FIGURE 4. A scheme illustrating possible mechanisms of regulation of PC2 by Wfs1. ProPC2 with its chaperon 7B2 are transported into endoplasmic reticulum (ER), where they form a complex, which exits the ER without PC2 propeptide cleavage. Thereafter 7B2- proPC2 complex enters Golgi complex, where 7B2 is internally cleaved into 21 kDa amino terminal part (7B2-AT) and 31 amino acids long carboxy-terminal part. Then 7B2-AT-proPC2 complex is transported into maturing secretory granules. In the maturing secretory granules PC2 propeptide is cleaved to an active PC2. Wfs1 protein is localized in the membrane of ER and also secretory granules, where it regulates Ca++ levels and pH. In turn, pH and Ca++ are known to regulate activity of PC2. In addition, lack of Wfs1 function leads to increased ER stress, which can alter proper folding of proPC2 and 7B2 in the ER.

The activity of PC2 is further regulated in several different ways. Acidification of secretory granules is required for proper functioning of PC2 (Hatanaka et al., 2011) and acidification of secretory granules in pancreatic beta-cells is Wfs1 dependent (Hatanaka et al., 2011). However, the effect of Wfs1 invalidation on acidification of secretory granules in the brain is unknown. In addition to the pH, maturation of PC2 is also regulated by calcium levels (Shennan et al., 1995) and Wfs1 is well known to be involved in regulation of intracellular calcium (Osman et al., 2003). Also, the activity of 7B2 is regulated via its phosphorylation (Lee et al., 2006). We suggest that Wfs1 can regulate activity of PC2 via any of these mechanisms in the brain. However, the precise mechanism of involvement of Wfs1 in the regulation of PC2 activity in the brain is unknown and needs further attention. As all of the proposed mechanisms of regulation of PC2 are on the intracellular level, it is also necessary to investigate whether PC2 and Wfs1 are co-expressed in the same cells in the brain.

The peptide whose level showed the next largest Wfs1-dependent change was Met-enkephalin-Arg-Gly-Leu, a product of proenkephalin cleavage (Table 1). This peptide showed strongly reduced levels in the hypothalamus of PC2-KO mice (Pan et al., 2006). In this study, we found that the level of Met-enkephalin-Arg-Gly-Leu was almost five times higher in the hippocampus of Wfs1 KO mice, thus, pointing to a higher activity of PC2. A higher level of this peptide further supports the increased activity of PC2 in the hippocampus of Wfs1 KO mice.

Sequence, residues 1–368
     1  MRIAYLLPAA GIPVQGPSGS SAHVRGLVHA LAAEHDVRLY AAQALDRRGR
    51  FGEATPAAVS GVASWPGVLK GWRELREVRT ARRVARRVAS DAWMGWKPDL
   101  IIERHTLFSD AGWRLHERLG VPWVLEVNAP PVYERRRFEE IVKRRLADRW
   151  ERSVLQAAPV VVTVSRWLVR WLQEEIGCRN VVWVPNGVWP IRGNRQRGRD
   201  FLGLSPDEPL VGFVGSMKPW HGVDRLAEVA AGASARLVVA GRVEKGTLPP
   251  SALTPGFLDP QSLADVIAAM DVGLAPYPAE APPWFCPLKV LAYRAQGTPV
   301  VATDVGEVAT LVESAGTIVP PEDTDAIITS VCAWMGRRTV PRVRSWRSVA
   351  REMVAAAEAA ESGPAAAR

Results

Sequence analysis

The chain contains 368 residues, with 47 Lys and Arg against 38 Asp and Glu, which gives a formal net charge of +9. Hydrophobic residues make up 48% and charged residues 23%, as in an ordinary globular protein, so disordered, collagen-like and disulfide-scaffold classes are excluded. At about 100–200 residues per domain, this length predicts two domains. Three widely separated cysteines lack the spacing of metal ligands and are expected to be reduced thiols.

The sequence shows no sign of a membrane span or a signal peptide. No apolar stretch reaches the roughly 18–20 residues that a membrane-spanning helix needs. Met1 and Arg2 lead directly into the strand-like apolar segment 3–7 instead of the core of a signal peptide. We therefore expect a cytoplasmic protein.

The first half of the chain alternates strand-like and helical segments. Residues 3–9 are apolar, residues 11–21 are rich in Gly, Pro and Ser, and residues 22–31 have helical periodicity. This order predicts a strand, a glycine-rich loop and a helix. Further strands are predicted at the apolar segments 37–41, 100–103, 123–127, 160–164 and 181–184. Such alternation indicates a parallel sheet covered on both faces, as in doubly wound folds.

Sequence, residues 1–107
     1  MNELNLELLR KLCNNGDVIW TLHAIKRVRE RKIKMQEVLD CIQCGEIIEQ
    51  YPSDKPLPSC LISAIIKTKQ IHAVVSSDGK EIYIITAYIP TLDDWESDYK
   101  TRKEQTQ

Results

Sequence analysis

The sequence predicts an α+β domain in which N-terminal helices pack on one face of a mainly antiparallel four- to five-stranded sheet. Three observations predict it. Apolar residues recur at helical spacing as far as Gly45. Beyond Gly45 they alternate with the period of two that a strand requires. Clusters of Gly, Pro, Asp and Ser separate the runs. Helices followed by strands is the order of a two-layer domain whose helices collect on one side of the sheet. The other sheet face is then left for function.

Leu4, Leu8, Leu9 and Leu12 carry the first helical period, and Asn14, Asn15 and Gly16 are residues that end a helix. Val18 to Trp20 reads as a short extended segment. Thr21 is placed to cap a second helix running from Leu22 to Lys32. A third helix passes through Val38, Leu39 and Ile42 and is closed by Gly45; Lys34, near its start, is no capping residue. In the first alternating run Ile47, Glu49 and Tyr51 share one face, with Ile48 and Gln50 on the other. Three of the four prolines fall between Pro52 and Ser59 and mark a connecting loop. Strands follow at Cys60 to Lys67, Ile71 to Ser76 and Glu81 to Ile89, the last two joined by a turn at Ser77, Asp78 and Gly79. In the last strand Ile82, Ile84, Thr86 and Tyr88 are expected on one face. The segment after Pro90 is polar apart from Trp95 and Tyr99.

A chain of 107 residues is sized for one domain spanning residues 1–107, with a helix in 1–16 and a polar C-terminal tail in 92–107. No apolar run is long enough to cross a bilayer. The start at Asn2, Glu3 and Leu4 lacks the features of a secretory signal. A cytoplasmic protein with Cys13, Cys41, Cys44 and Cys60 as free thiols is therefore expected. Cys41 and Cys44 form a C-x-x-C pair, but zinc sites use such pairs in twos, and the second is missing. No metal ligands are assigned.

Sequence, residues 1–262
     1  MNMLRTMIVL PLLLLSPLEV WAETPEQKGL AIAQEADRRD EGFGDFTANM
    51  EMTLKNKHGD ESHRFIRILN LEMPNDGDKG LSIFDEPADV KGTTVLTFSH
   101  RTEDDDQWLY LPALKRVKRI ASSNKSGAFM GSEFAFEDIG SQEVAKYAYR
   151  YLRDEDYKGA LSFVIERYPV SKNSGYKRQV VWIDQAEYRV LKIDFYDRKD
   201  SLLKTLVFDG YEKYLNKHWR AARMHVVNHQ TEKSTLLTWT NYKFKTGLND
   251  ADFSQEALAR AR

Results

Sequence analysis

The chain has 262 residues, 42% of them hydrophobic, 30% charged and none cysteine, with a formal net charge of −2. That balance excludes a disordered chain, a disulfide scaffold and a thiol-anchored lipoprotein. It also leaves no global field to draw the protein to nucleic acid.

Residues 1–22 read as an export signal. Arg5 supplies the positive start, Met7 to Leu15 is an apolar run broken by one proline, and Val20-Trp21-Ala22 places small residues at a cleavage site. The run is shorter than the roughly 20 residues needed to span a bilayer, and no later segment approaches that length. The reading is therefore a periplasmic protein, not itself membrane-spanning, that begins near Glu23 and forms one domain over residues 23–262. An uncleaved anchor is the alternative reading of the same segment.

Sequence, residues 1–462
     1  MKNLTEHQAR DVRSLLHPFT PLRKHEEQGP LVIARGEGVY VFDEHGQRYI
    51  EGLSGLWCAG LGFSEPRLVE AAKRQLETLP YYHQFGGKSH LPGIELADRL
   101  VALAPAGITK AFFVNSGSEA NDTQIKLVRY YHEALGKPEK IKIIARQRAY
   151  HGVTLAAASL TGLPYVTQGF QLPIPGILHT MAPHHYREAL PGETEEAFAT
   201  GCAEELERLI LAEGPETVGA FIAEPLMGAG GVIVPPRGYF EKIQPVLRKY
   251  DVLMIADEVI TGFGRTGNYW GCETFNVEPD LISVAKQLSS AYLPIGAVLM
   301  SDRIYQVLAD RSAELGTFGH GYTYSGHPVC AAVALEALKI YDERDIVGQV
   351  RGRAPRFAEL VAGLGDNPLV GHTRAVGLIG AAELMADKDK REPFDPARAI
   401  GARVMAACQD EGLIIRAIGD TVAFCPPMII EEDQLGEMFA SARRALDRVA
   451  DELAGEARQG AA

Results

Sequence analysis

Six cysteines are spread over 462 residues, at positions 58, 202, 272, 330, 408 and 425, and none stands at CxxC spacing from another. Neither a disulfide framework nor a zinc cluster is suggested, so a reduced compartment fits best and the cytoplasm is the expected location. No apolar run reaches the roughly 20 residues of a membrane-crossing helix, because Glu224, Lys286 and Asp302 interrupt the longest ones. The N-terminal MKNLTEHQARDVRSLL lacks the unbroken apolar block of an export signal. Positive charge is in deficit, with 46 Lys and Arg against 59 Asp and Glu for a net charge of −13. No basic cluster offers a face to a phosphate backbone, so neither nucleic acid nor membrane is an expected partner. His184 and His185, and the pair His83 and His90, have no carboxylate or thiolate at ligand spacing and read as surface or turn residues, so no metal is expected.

We identified 126 individual peptide fragments in mouse hippocampal extracts. Analysis of the relative abundance of these peptides revealed alterations in the processing of proSAAS and proenkephalin in the hippocampus of Wfs1 KO mice, which is most likely caused by an increase in the activity of PC2. The increased activity of PC2 in Wfs1 KO mice is not a result of increased levels of the PC2 protein or its chaperone 7B2. Thus, the role of Wfs1 in the regulation of PC2 activity requires further investigation.

Author Contributions

KT, AT, SK, and EV conceived the study, SergoK performed mass-spectrometry analysis, KT and AT extracted peptides, measured enzymatic activity and performed Western blot analysis. SergoK, AT, and KT analyzed the data, KT and AT wrote the manuscript. All the authors have read and approved the final version of the manuscript.

Conflict of Interest Statement

The authors declare that the research was conducted in the absence of any commercial or financial relationships that could be construed as a potential conflict of interest.


This study was supported by grants PUT784 (AT), IUT20-41 (EV), and IUT20-46 (SK) from Estonian Science Agency. We sincerely thank Iris Lindberg (University of Maryland) for performing the 7B2 RIA assay and for the critical reading of the manuscript.

Supplementary Material

The Supplementary Material for this article can be found online at:


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Keywords: Wfs1, prohormone convertase 2, peptidomics, mass-spectrometry, proSAAS, 7B2, peptide processing

Citation: Tein K, Kasvandik S, Kõks S, Vasar E and Terasmaa A (2015) Prohormone convertase 2 activity is increased in the hippocampus of Wfs1 knockout mice. Front. Mol. Neurosci. 8:45. doi: 10.3389/fnmol.2015.00045

Received: 01 July 2015; Accepted: 10 August 2015;
Published: 25 August 2015.

Edited by:

Teresa Duda, Salus University, USA

Reviewed by:

Bonnie L. Firestein, Rutgers, The State University of New Jersey, USA
Nicole Cyr, Stonehill College, USA

Copyright © 2015 Tein, Kasvandik, Kõks, Vasar and Terasmaa. This is an open-access article distributed under the terms of the Creative Commons Attribution License (CC BY). The use, distribution or reproduction in other forums is permitted, provided the original author(s) or licensor are credited and that the original publication in this journal is cited, in accordance with accepted academic practice. No use, distribution or reproduction is permitted which does not comply with these terms.

*Correspondence: Karin Tein, Department of Physiology, Institute of Biomedicine and Translational Medicine, University of Tartu, 19 Ravila Street, 50411 Tartu, Estonia,